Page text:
CHISQUARE INDEPENDENCE TESTName:
A common question with regards to a twoway contingency table is whether we have independence. By independence, we mean that the row and column variables are unassociated (i.e., knowing the value of the row variable will not help us predict the value of column variable and likewise knowing the value of the column variable will not help us predict the value of the row variable). A more technical definition for independence is that
One such test is the chisquare test for independence.
This test statistic can also be formulated as
where
The d_{ij} are referred to as the standardized residuals and they show the contribution to the chisquare test statistic of each cell.
<SUBSET/EXCEPT/FOR qualification> where <y1> is the first response variable; <y2> is the second response variable; and where the <SUBSET/EXCEPT/FOR qualification> is optional. This syntax is used for the case where you have raw data (i.e., the data has not yet been cross tabulated into a twoway table).
<SUBSET/EXCEPT/FOR qualification> where <m> is a matrix containing the twoway table; and where the <SUBSET/EXCEPT/FOR qualification> is optional. This syntax is used for the case where we the data have already been crosstabulated into a twoway contingency table.
where <n11> is a parameter containing the value for row 1, column 1 of a 2x2 table; <n12> is a parameter containing the value for row 1, column 2 of a 2x2 table; <n21> is a parameter containing the value for row 2, column 1 of a 2x2 table; and <n22> is a parameter containing the value for row 2, column 2 of a 2x2 table. This syntax is used for the special case where you have a 2x2 table. In this case, you can enter the 4 values directly, although you do need to be careful that the parameters are entered in the order expected above.
CHISQUARE INDEPENDENCE TEST M CHISQUARE INDEPENDENCE TEST N11 N12 N21 N22
Cochran suggests that if the minimum expected frequency is less than 1 or if 20% of the expected frequencies are less than 5, the approximation may be poor. However, Conover suggests that this is probably too conservative, particularly if r and c are not too small. He suggests that the minimum expected frequency should be 0.5 and at least half the expected frequencies should be greater than 1. In any event, if there are too many low expected frequencies, you can do one of the following:
Note that in all three cases, the test statistic and the chisquare approximation are the same. What differs is the exact distribution of the test statistic. When either the row or column totals (or both) are fixed, the possible number of contingency tables is reduced. As long as the expected frequencies are sufficiently large, the chisquare approximation should be adequate for practical purposes.
Column 2  column id Column 3  row total Column 4  column total Column 5  expected frequency (E_{ij}) Column 6  observed frequency (O_{ij}) To read this information into Dataplot, enter
READ DPST1F.DAT ROWID COLID ROWTOT COLTOT ... EXPFREQ OBSFREQ
The ODDS RATIO INDEPDNENCE TEST is an alternative test for independence based on the LOG(odds ratio).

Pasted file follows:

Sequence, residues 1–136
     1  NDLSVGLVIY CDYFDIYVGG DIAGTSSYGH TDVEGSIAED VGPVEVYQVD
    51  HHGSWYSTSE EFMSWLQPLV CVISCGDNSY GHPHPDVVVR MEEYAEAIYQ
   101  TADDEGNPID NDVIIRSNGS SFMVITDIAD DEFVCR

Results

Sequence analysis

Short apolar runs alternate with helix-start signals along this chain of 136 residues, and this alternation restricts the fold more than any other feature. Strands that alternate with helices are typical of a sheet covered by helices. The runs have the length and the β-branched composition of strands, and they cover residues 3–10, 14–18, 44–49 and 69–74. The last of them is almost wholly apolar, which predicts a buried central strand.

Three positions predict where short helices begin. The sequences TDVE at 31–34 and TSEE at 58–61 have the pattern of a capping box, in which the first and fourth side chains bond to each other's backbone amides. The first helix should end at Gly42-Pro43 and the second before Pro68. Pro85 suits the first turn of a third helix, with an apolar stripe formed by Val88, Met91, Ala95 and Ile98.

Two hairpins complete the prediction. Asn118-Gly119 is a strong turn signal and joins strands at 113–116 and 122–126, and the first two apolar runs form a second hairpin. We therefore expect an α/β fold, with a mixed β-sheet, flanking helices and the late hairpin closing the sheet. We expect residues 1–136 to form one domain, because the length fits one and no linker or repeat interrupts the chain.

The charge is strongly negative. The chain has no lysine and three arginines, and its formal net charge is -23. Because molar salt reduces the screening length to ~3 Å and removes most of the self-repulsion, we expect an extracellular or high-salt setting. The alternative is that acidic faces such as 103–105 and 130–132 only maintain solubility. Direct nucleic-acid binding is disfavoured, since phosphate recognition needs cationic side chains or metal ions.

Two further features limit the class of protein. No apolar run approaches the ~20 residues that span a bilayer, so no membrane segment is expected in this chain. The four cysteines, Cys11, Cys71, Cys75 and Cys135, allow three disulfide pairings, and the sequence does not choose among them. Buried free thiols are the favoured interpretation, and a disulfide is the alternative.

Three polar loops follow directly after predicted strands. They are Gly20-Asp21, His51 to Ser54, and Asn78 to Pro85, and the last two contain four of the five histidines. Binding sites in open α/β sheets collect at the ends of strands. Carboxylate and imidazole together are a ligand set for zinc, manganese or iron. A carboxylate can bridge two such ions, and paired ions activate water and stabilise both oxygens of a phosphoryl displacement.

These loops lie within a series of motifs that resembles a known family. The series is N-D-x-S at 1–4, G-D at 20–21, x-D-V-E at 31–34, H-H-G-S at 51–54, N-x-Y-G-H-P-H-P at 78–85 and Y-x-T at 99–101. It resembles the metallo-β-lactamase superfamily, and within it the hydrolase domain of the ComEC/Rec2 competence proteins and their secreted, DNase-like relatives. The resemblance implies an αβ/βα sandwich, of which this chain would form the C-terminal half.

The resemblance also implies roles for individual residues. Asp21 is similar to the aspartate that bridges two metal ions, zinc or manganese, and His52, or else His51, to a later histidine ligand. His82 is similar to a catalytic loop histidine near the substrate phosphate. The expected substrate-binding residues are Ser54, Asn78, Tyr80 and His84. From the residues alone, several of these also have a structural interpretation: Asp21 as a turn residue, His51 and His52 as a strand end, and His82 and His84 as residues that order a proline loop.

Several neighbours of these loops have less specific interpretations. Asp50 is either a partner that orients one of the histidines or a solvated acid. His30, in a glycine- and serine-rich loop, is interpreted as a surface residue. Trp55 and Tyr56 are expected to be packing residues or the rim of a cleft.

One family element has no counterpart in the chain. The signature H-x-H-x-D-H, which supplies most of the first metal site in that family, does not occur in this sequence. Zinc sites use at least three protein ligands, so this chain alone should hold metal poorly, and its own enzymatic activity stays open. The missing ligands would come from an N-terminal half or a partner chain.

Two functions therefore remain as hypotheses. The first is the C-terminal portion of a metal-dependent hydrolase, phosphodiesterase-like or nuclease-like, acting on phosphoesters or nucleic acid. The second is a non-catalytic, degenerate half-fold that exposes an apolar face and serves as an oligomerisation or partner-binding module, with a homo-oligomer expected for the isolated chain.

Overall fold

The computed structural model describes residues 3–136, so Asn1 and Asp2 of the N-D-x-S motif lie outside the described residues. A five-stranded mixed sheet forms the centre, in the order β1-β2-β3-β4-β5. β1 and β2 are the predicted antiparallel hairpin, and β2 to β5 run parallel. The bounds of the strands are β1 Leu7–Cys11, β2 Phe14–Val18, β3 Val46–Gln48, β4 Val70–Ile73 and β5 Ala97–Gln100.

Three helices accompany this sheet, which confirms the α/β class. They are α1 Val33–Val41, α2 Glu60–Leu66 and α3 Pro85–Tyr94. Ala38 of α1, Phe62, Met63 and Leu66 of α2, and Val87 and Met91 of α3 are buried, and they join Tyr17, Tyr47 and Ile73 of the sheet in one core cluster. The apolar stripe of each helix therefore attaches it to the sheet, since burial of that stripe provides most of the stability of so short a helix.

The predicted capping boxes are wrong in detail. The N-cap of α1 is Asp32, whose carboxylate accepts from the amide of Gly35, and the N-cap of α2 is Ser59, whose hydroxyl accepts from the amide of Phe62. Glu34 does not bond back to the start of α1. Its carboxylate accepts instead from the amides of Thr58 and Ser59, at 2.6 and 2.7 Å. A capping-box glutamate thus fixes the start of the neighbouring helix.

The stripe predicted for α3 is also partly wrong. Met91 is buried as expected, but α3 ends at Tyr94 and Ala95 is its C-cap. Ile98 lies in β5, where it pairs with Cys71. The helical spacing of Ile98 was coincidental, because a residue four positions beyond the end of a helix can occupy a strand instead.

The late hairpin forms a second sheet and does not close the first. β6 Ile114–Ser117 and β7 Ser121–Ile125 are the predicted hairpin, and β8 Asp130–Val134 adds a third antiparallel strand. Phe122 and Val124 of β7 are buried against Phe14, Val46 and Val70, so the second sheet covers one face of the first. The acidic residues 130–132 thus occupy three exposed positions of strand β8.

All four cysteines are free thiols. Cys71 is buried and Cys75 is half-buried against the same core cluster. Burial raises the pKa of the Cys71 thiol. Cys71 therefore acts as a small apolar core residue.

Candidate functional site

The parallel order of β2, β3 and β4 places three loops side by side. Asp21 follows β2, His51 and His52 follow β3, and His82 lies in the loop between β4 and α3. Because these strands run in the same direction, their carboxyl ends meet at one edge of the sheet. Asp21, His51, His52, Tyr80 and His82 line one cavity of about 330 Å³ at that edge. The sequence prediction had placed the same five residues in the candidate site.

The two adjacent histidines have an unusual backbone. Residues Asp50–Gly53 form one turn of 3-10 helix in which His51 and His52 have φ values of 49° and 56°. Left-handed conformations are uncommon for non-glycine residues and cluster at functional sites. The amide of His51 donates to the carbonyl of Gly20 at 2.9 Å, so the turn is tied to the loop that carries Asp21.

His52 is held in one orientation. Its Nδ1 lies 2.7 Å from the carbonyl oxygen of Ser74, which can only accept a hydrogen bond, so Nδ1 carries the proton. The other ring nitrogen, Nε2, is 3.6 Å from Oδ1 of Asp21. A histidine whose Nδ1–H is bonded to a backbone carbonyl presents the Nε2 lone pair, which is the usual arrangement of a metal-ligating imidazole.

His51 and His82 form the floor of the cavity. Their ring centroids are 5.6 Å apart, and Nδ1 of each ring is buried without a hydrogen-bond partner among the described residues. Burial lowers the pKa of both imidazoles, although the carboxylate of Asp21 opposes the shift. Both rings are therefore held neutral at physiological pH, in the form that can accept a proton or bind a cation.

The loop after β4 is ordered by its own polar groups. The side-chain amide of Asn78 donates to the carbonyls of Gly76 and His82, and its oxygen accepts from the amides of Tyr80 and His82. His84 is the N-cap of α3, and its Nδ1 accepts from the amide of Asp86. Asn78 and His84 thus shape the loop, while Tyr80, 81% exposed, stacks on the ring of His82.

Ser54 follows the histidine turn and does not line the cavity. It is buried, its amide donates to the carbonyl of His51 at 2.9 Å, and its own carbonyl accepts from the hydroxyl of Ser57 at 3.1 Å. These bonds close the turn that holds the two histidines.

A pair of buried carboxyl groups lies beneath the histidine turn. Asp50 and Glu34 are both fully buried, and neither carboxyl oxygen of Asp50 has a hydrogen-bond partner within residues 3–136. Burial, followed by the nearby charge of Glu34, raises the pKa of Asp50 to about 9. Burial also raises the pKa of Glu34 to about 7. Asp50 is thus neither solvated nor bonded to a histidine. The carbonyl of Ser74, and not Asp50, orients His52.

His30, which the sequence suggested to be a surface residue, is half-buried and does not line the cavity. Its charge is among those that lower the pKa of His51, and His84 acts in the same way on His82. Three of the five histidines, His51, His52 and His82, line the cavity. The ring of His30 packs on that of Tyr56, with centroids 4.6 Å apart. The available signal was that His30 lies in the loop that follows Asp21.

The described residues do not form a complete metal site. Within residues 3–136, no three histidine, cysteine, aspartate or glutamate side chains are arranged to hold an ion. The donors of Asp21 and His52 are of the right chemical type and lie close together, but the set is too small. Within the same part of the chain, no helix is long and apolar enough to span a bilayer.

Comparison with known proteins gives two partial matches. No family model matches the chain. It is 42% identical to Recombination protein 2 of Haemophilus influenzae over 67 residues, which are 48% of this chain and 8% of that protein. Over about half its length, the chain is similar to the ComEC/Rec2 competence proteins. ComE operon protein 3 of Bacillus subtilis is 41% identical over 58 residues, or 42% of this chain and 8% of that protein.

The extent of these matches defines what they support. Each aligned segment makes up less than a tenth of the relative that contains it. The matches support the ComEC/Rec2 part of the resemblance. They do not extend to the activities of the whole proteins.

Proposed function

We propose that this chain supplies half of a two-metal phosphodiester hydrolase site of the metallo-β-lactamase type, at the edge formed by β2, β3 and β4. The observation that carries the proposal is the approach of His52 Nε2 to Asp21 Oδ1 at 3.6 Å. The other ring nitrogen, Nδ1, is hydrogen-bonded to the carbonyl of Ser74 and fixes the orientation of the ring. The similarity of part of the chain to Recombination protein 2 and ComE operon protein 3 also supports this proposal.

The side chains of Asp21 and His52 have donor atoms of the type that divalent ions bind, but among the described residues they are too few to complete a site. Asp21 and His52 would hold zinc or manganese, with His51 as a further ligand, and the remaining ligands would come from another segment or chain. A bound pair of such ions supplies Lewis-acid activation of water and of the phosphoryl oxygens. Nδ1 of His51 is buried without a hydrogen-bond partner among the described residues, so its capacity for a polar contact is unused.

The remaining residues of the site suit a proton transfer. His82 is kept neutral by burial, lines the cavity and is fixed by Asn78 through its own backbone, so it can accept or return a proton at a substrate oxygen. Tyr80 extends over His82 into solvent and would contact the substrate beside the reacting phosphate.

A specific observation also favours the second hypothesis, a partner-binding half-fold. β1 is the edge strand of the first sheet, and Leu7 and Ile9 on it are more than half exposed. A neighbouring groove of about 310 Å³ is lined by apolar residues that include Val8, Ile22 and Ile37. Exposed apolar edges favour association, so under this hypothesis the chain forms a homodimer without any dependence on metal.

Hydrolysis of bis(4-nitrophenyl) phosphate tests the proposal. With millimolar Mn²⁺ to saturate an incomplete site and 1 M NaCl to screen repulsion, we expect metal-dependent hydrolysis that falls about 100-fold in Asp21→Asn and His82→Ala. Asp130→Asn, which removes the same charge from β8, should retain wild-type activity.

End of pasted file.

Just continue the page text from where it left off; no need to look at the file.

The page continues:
Friendly (2000), "Visualizing Categorical Data", SAS Institute Inc., p. 90. Cochran (1952), "The ChiSquare Test of Goodness of Fit", Annals of Mathematical Statistics, 23, pp. 315345.
. Example from page 61 of Friendly read matrix m 5 29 14 16 15 54 14 10 20 84 17 94 68 119 26 7 end of data . chisquare independence test mThe following output is generated: CHISQUARE TEST FOR INDEPENDENCE (RXC TABLE) NULL HYPOTHESIS: THE TWO VARIABLES ARE INDEPENDENT ALTERNATIVE HYPOTHESIS: THE TWO VARIABLES ARE NOT INDEPENDENT SAMPLE 1: NUMBER OF OBSERVATIONS = 592 NUMBER OF LEVELS (ROWS) = 4 SAMPLE 2: NUMBER OF OBSERVATIONS = 592 NUMBER OF LEVELS (COLUMNS) = 4 WITHOUT YATES CONTINUITY CORRECTION: CHISQUARE TEST STATISTIC = 138.2898 DEGREES OF FREEDOM = 9 CDF VALUE OF TEST STATISTIC = 1.000000 WITH YATES CONTINUITY CORRECTION: CHISQUARE TEST STATISTIC = 132.0374 DEGREES OF FREEDOM = 9 CDF VALUE OF TEST STATISTIC = 1.000000 WITHOUT YATES CONTINUITY CORRECTION NULL HYPOTHESIS NULL NULL CONFIDENCE CRITICAL ACCEPTANCE HYPOTHESIS HYPOTHESIS LEVEL VALUE INTERVAL CONCLUSION =================================================================== INDEPENDENT 50.0% 8.34 (0,0.500) REJECT INDEPENDENT 80.0% 12.24 (0,0.800) REJECT INDEPENDENT 90.0% 14.68 (0,0.900) REJECT INDEPENDENT 95.0% 16.92 (0,0.950) REJECT INDEPENDENT 97.5% 19.02 (0,0.975) REJECT INDEPENDENT 99.0% 21.67 (0,0.990) REJECT WITH YATES CONTINUITY CORRECTION NULL HYPOTHESIS NULL NULL CONFIDENCE CRITICAL ACCEPTANCE HYPOTHESIS HYPOTHESIS LEVEL VALUE INTERVAL CONCLUSION =================================================================== INDEPENDENT 50.0% 8.34 (0,0.500) REJECT INDEPENDENT 80.0% 12.24 (0,0.800) REJECT INDEPENDENT 90.0% 14.68 (0,0.900) REJECT INDEPENDENT 95.0% 16.92 (0,0.950) REJECT INDEPENDENT 97.5% 19.02 (0,0.975) REJECT INDEPENDENT 99.0% 21.67 (0,0.990) REJECT  
Date created: 07/25/2007 Last updated: 12/11/2023 Please email comments on this WWW page to alan.heckert@nist.gov.